Book Depository Blog



  • Boydell & Brewer

    Tue, 09 Dec 2008 11:40

    Book Depository: What/who do you see as your primary market?

    Michael Richards (Boydell & Brewer): Despite an increasingly successful trade list, the heart of Boydell & Brewer remains its academic programme. Founded by a historian and a Chaucer scholar, the company continues to publish books for academics in the fields of history, literature, music and cultural studies. Along the way we hope to also inform and entertain that most elusive of beings, the "interested general reader".

    BD: What are the principal challenges/opportunities you see at the moment in the business of publishing books?

    MR: More and more publishers are heading towards the mainstream, which leaves a wealth of interesting material for us to publish. The challenge, as always, is finding those specialists who need our kind of book and ultimately making niche publishing pay.

    BD: What brings you to the decision to publish a particular title/author?

    MR: A book, or its author, should always have something new and challenging to say.

    BD: What books are you most proud of having published?

    MR: It's impossible to narrow 30 years of publishing and thousands of titles down to just a handful of "greatest hits". Recently, one might point to Thomas Beecham: An Obsession with Music by John Lucas, a superb biography about an important musician that was turned down by its original publisher because it wasn't enough of a mainstream title. Or Leprosy in Medieval England , the culmination of a lifetime's scholarship by Carole Rawcliffe which dispels many of the popular myths about the disease.

    At the other end of the scale, our 7 volume edition of the Entring Book of Roger Morrice and the ongoing 9 volume edition of the Correspondence of Dante Gabriel Rossetti are exactly the sort of projects that Boydell & Brewer was born to publish. They bring a wealth of material to students and researchers that previously could only be accessed by hours of trawling through archives.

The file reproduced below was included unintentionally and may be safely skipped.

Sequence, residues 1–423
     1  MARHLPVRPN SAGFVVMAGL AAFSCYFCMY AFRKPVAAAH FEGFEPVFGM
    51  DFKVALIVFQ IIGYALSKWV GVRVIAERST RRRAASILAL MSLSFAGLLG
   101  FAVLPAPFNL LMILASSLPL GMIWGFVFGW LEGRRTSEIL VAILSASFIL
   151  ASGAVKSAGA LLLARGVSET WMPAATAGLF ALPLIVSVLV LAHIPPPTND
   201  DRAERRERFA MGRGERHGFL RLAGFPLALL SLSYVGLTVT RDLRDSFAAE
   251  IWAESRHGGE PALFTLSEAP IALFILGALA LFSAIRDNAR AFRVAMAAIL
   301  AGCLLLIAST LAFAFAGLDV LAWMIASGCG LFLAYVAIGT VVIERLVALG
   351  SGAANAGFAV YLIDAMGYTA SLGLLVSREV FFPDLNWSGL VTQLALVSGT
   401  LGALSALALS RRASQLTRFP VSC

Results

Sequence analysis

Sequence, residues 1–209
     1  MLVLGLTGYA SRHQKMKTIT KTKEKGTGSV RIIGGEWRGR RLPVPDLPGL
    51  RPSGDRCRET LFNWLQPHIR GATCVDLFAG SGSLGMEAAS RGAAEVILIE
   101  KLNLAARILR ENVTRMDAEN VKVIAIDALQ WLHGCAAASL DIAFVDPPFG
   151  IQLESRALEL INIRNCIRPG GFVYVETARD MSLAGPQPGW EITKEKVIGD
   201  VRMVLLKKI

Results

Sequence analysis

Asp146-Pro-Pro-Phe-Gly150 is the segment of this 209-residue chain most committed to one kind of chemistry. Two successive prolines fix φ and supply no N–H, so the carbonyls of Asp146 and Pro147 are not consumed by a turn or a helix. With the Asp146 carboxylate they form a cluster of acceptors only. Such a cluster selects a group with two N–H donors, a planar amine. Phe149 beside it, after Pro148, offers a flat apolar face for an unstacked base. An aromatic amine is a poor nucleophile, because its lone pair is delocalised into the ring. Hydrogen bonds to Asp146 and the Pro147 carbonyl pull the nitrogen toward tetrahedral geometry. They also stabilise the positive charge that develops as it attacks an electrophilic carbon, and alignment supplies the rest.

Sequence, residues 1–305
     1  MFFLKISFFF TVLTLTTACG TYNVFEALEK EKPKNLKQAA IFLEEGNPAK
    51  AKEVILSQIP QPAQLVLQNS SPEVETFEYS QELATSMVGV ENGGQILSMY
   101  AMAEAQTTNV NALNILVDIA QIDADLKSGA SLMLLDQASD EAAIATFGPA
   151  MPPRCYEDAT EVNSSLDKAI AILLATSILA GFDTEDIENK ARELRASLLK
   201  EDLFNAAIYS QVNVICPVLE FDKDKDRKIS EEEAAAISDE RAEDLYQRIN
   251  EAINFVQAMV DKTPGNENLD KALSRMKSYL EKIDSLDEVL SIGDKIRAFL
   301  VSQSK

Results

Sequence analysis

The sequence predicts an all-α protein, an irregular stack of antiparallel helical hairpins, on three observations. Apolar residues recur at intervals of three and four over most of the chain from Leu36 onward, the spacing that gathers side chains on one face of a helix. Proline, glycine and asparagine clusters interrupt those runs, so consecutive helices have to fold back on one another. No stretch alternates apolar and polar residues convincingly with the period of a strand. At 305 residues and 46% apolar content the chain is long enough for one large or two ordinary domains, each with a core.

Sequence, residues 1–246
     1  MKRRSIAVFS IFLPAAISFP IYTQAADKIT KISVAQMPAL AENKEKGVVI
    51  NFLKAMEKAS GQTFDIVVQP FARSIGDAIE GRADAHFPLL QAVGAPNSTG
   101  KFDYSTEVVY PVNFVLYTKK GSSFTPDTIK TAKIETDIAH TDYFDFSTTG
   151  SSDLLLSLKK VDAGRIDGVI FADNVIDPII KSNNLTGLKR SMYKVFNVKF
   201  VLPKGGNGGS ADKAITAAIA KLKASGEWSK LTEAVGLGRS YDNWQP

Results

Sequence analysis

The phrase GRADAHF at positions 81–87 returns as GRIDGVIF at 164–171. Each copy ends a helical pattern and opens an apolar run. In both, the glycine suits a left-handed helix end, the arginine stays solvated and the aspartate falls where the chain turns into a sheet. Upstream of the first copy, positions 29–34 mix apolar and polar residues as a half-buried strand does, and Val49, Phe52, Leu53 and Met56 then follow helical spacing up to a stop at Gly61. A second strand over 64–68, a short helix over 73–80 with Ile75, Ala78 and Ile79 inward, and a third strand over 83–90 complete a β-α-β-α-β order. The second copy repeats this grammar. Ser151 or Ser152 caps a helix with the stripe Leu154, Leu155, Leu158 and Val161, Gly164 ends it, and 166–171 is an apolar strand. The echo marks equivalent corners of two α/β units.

In the end, though, how can one choose between Medieval East Anglia and The Bayeux Tapestry, our much needed reissues of The Dukes of Valois Burgundy and translations of the various Grail legends, Nelson’s lost letters or a study of Handel's Operas?

    BD: What books are you working on right now?

    MR: Our next big music book will certainly be Elliott Carter: A Centennial Portrait in Letters and Documents by Felix Meyer and Anne C Shreffler, published in November 2008 to coincide with the modernist composer’s 100th birthday.

    Also 100 years old next year but sadly no longer with us, the philosopher Isaiah Berlin is celebrated through a fascinating series of personal recollections in The Book of Isaiah, for publication in May 2009.

    Our lists in German and Spanish cultural studies grow ever more impressive, and a key title for the Autumn 2008 is The Companion to Spanish Cinema by Bernard Bentley - the first detailed study written in English for English readers.

    Finally a 2009 highlight from our core publishing area, medieval history: The Medieval Cook by Bridget Anne Henisch looks at the world “celebrity” chefs in the great aristocratic households and the peasant wife making the most from scarce resources and even what you might expect to enjoy as street food in that time.


    These are The Book Depository's 5 favourite Boydell & Brewer titles:

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